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Ἄνωθεν οἱ

Ἄνωθεν οἱ προφῆται in Dionysius’s Hermeneia, a source for the Mother of God surrounded by prophets? | 65 raphers surrounding Joachim and Anna appeared on the lower frames of the Ruthenian icons, painted within the territory of the Polish-Lithuanian Commonwealth. 70 What is interesting in this case is the fact that Saint Stephanes (probably the Sabbait monk and hymnographer) replaces Saint Theophanes in the row of hymnographers. Stephanes appears alongside Saint Joseph the Hymnographer, Saint Cosma of Majuma, and Saint John of Damascus. In conclusion, this subject ought to be understood in light of, and as a result of the growing popularity of Byzantine hymnography. This scene brought forth the poetic expression of the text inscribed on the Sinai icon and became most popular during the Paleologan era, among other depictions of different liturgical hymns. 71 The role of hymnography turned out to be crucial during the reigns of the Paleologan emperors, and some hymns became richly and largely illustrated cycles, among which the Akathist was central. It was also the time of the final flourishing in Byzantine music. “Rich coloraturas breaking the previous balance between music and words ”72 also grew to be very popular, as did the three Johns who represented that era: Glykus, Lampadarios and Papadopoulos Koukouzeles. It seems that the last period of Byzantine hymnography development is poorly understood. Such an example may be that of the works of John Papadopoulos, an extremely popular hymnographer, whose songs were copied in almost all of the Greek manuscripts dating to the period from the early 14 th to the early 19 th century, especially in codices coming from libraries of Mount Sinai and Mount Athos monasteries, as well as from those in Bulgaria; his works are however still overlooked or poorly studied. 73 Another popular poet and music theorist active in the second half of the 14 th century and in the early 15 th century was John Klades (called Lampadarios). 74 He was first choir singer and performed the office of “lamp bearer” in Hagia Sophia, in the capital of the Empire. His compositions, Cherubikon songs, kontakia, and troparia, were greatly admired in the 15 th century, as were the hymns of Philoteos Kokkinos, author of the 14 th century. 75 The troparion Ἄνωθεν οἱ προφῆται, a possible source or paradigm for the icons described herein, as stated by certain researchers, was sung straight before the liturgy. It was attributed to one of the Paleologan hymnographers: John Koukouzeles Papadopoulos from the Great Lavra monastery on Mount Athos, but it could also have been the work of John Kladas from Hagia Sophia in Constantinople. 76 Their names accompany the troparion in a manuscript dating back to 1425, and preserved in the Georgian monastery on Mount Athos (ms. Iviron 985). However, one should not exclude the possibility that the text of the troparion could also be linked with the much older canon of Saint Germanus of Constantinople, in particular the attributes of the Virgin Mary included in it. 77 Jean Gouillard believed that John Koukuozeles could have used one of the prophetic canons of Saint Germanus, sung during the liturgy on the first Sunday of Lent (preserved in a Triodion from 1028 – the ms. Sinait, gr. 736, fol. 71). Should this be the case, Koukuozeles could have only added the melodic component to a pre-existing text. This would explain why the troparion was believed to be his work since that time. 78 As an example, the Hymn to the Mother of God written by Saint Germanus (pg, vol. 98, col. 454) used such epithets regarding Saint Mary as “the golden candlestick, the shining cloud higher than Cherubs, the living Ark, the great throne of the Lord, the vessel full of manna”, 79 but they belonged to a category of typical Marian prefigurations to which many other writers, living before and after Saint Germanus, referred to. It is hard therefore to ascertain who are the authors of the songs referring to these epithets, as they slightly paraphrase Old Testament verses. To a certain extent, they were a common reference used in different times by different hymnographers. When creating their liturgical works, each one of these authors came up with a different variation of the same quote. Thus, in the Orthodox Church, during Matins on November the 21 st , a hymn sung after the third song of a canon describes Saint Mary as an incense burner (λυχνία χρίσε): “You were foretold by the prophets [...] as a golden incense burner and a candlestick”. 80 Perhaps this was the reason why Manolis Chatzidakis (1962) 81 or Ioan D. Ştefănescu earlier (1929) 82 also regarded this depiction as an illustration of sorts of the Hymn All the creation rejoices in thee / Tu fais la joie de toute la creation. Its triumphant implications – the Triumph of Orthodoxy – are clearly visible in the depictions: Vierge en Gloire / Glory of the Virgin / Похвала Богоматери. The conclusion of Annemarie W. Carr referring to the Sinai icon deserves to be quoted in this context, as it is our conclusion as well: The image is striking for the learning and diversity of its biblical, poetic and liturgical inscriptions. It links the Old Testament vision to the New Testament revelation and the Incarnation to the Second Coming; it moves from Child to Mother and back again, from Mary’s son to her husband, to her father, to her father in heaven who is her son and from feast of the Marian year. The viewer is drawn even deeper into the endless layers of Marian meaning. Many scholars have taken on the challenge of explicating this image, but none has begun to exhaust the associative meanings that the image evokes. This is what icons are for: they open up the meaning of their subjects; they do not tie it down. 83 Notes : 1 The article represents an augmented version of a paper presented at the Conference: Text and Image in the Romanian Painting of the 16 th Century, October 10 th -11 th , 2013, at the Institute of Art History “Gorge Oprescu” of the Romanian Academy, in Bucharest. See also: Kruk%20Anothen%20hoi%20profettai%2027.02.2014.pdf. 2 Podlacha 1912, p. 35; Cf. Kruk 1995, p. 25-46; Kruk 2000, p. 77-193; Kruk 2001a, p. 393; Kruk 2001 b, p. 237-246; Kruk 2004, p. 129-154, fig. 1-4; Kruk 2007, p. 287-298; Kruk 2009, p. 215-248; Kruk 2013, p. 16-28. 3 The Virgin and Child enthroned surrounded by saints, icon, first half of 12 th century, 48,5 x 41,2 cm, Sinai, Saint Catherine Monastery – Carr 1997, cat. and fig. 244 – dated to 1080-1130; Kruk 2000, Cat. iii.2. Previously, I mistakenly identified Saint John the Evangelist instead of Saint Simeon the Prophet in the figure standing next to Saint Anna. 4 The Mother of God Eleousa enthroned, surrounded by prophets, icon, late 12 th century-early 13 th century, 48,5 x 37,0 x 2,7 cm, from Mount Athos, nowadays in Saint Petersburg, at the Hermitage – Афонские Древности 1992, Fig. iii; Kruk 2000, cat. iii. 3; Piatnitsky 2000, cat. and fig. B-90: late 12 th c., 48,5 x 36,8 x 3,1 cm.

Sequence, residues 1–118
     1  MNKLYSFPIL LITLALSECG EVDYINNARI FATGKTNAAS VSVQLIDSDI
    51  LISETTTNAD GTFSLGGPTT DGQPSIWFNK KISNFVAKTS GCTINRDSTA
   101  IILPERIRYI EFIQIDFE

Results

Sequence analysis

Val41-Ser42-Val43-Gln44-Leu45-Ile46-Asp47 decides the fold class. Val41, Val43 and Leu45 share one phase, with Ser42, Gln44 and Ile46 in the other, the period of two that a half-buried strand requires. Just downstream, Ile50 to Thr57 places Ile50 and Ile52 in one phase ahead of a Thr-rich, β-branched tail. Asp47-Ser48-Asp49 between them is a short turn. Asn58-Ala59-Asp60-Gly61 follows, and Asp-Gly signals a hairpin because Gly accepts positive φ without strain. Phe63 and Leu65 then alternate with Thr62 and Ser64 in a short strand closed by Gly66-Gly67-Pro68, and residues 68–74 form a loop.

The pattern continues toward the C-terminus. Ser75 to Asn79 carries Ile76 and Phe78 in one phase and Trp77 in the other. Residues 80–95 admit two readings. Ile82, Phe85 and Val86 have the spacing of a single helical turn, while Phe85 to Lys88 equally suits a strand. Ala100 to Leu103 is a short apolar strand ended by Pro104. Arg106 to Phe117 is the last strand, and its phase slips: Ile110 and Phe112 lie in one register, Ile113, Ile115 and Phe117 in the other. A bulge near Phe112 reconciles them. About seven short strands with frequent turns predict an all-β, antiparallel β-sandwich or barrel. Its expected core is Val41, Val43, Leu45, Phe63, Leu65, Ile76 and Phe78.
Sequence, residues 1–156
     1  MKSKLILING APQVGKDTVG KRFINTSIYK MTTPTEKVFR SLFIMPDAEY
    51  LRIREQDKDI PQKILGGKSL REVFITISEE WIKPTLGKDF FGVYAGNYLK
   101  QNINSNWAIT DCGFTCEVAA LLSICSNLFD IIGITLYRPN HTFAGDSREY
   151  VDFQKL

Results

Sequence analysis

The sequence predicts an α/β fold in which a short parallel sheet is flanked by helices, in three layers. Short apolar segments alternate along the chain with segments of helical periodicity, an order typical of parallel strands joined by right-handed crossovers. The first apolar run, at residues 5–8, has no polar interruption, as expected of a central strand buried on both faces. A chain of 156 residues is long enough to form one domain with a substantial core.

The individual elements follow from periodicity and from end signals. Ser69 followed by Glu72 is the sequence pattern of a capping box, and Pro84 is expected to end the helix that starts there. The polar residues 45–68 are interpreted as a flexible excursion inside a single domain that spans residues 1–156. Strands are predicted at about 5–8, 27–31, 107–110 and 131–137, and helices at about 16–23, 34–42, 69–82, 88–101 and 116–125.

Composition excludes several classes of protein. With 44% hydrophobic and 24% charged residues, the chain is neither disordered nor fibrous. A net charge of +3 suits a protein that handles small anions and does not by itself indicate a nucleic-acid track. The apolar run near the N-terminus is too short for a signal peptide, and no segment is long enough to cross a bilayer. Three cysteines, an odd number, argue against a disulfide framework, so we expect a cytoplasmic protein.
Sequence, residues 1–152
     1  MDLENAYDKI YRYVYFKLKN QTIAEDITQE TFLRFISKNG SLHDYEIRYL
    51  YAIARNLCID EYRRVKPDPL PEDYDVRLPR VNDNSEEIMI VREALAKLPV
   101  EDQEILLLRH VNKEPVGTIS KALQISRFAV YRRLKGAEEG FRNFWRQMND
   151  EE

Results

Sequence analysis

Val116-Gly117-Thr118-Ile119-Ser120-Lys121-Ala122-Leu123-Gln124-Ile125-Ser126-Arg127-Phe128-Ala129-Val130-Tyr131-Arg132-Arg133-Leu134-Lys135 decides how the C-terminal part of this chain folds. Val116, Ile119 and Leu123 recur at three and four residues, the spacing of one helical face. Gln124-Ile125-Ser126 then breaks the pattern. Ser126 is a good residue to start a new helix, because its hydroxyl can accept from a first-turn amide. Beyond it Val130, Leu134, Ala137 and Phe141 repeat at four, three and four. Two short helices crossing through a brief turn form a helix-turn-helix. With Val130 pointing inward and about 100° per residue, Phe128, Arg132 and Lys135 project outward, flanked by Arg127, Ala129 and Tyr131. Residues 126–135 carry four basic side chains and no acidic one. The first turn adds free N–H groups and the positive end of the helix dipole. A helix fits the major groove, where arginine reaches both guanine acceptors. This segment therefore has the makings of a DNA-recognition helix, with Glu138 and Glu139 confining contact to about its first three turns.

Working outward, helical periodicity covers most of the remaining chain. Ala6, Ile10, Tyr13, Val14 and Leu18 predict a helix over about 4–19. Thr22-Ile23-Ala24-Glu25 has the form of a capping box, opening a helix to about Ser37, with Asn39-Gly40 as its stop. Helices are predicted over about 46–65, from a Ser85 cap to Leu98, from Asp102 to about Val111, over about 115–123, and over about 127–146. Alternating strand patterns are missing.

66 | Mirosław P. Kruk 5 Babić 1968, p. 150. 6 Babić, Chatzidakis 1982, p. 306. 7 Милановић, 1991, p. 414-415. 8 Kruk 1995, p. 25-46; Kruk 2000, cat. 14. 9 Koндаков 1915, p. 385-386. 10 Radojčić 1958, p. 121. 11 Καλοκύρης 1972; Kissas, 1984-1985, p. 267. 12 Dionysius of Fourna 1974, p. 51. 13 Chatzidakis, 1962, p. 10. 14 Der Nersessian, 1975, p. 313. 15 Μουρικι 1970, p. 217-251. 16 Ibidem, p. 222-223. 17 Ibidem, p. 241. 18 Милановић 1991, p. 412. 19 Поповиђ 1991, p. 448. 20 Милановић 1991, p. 418. 21 Ibidem, p. 419. 22 Ibidem, p. 420. See also: Linardou 2011, p. 133-152. 23 Смядовски 1998, item 110. 24 Iwanoyko 1956, p. 118. 25 Myslivec 1969, p. 410. 26 Свєнцицька 1983, p. 18. 27 Biskupski 1985, p. 158. 28 Oрлова 1980, p. 307; Дувакина 1985, p. 194; Саликова 1998, p. 69-80; Шaмардина 1998, p. 81-91, p. 81-91. 29 Гелитович 2005, p. 6. 30 Cf.: Kruk 2001 a, p. 393. 31 Ałeksandrowycz 2000, p. 69. 32 Vassiliaki 2000, p. 134-137: The icons of originating in Wallachia, Moldavia, or from the Rus territories of the former Polish Commonweatlh were omitted. See Kruk 2000, p. 186-194. 33 Piatnitsky 2000, p. 110: “The appearance of icons with the Virgin surrounded by Prophets is also linked in the same trend, and this subject subsequently attained wide currency in Byzantine and post-Byzantine art”. 34 Этингоф 2000, p. 71. 35 Этингоф 2000, p. 15, 42. 36 Kruk 1992. 37 Kruk 1995, p. 25-46. 38 Kruk 1999. 39 Kruk 2000; Kruk 2001a, p. 393; Kruk 2001b, p. 237-246; Kruk 2004, p. 129-154; Kruk 2007, p. 287-298; Kruk 2009, p. 215-248. 40 Mилановић 1991, p. 415; Этингоф 2000, p. 71. See Kruk 2000, p. 167. 41 Поповиђ 1991, p. 463. 42 Ojcowie Kościoła 1981, p. 34. 43 Ojcowie Kościoła 1981, p. 84-85. 44 Ojcowie Kościoła 1981, p. 90. S. Cyrilli Hierosolymitani Archiepiscopi, De Christo Incarnato (pg, vol. 33, col. 725-733). 45 Kruk 2000, p. 381. 46 Cormack 1985, p. 170. See also Daley 2001, p. 71-72. 47 Св. Герман Константынопольский 1995, p. 11. 48 Stylianou 1982, p. 528. 49 Ojcowie Kościoła 1981, p. 155-164. Sancti Patris nostri Germani archiepiscopi Constantinopolitani, in ingressum sanctissimae Deiparae sermo. i. 50 Ojcowie Kościoła 1981, p. 149. S. Andreae Cretensis, Oratio iv. In Sanctam Nativitatem praesanctae Dominae nostrae Dei Genitricis, semperque virginis Mariae. 51 Altaner, Stuiber 1990, p. 674. 52 Nikolau 1994, p. 384. 53 Radojčić 1958, p. 121. 54 Stern 1966, p. 147. 55 Grabar 1968, p. 68. 56 Babić 1968, p. 148. 57 The same song is attributed to Saint John of Damascus (pg, vol. 96, 853A). 58 Babić 1968, p. 148. 59 Петканова 1992, p. 64. 60 Ojcowie Kościoła 1981, p. 231-240; Saint John Damascene 1898. 61 Ojcowie Kościoła 1981, p. 155-164: Sancti Patris nostri Germani, archiepiscopi Constantinopolitani, in ingressum sanctissimae Deiparae sermo. i. 62 Carr 1997, cat. and fig. 244, p. 372. 63 Nauka 1938, p. 64; Kłosińska 1973, p. 169; Gumińska 2008, p. 36; Kruk 2009, p. 235; Крук 2013 p. 16-28. 64 Ojcowie Kościoła 1981, p. 243-258; Saint John Damascene 1898. 65 Ojcowie Kościoła 1981, p. 259-264; Saint John Damascene 1898. 66 Nikolau 1994, p. 384. S. Theodori Studitae, Laudatio in dormitionem sanctae Dominae nostrae Deiparae. 67 Dionysius of Fourna 1974, p. 487. The Mother of God should be depicted as a middle-aged woman, with a bit lowered noble head, properly formed eyebrows, beautiful eyes and nose, auburn hair, curled on a forehead, and long fingers – Dionysius of Fourna 1974, p. 483. The Hermeneia also paid special attention to the arrangement of the fingers of a blessing hand of Christ. According to its recommendations, they should be crossed in the way of making the outline of His hierogram. The straighten index corresponds to the letter i, and the bent middle finger – to the letter c. The crossed thumb and the ring finger correspond to the letters xc. The sigla hwn written within the nimbus means the pre-existing Logos. 68 Tarasii Archiepiscopi Constantinopolitani, Oratio in ss. Dei Matrem in Templum Deductam (pg, vol. 98, col. 1491-1494); Ojcowie wspólnej wiary 1986, p. 32-42 (here ref. to: pg, vol. 98, col. 460-465). 69 Ojcowie wspólnej wiary 1986, p. 51-56. S. Theodori Studitae, Laudatio in dormitionem sanctae Dominae nostrae Deiparae. This passus based on the repetition of hairetismoi resembles the Fourth Ephesian Homily of Saint Cyril archbishop of Alexandria (pg, vol. 77, col. 992-996), in which he used the term “ϴεοτόκου Μαρίας” (pg, vol. 77, col. 992), as well as the structure of the Akathistos Hymn. W. Kania noticed that this rhetorical figure was borrowed by Saint Cyril from Saint Ephrem the Syrian’s Hymn on the Birth of Jesus (he probably meant the Fifteenth-Eighteenth ones, with the repetition of Blessed) – Kania 1990, p. 194. 70 Kruk 2004; Kruk 2007. 71 See Mилановић 1991, p. 420. 72 Encyklopedia muzyki 1995, p. 106.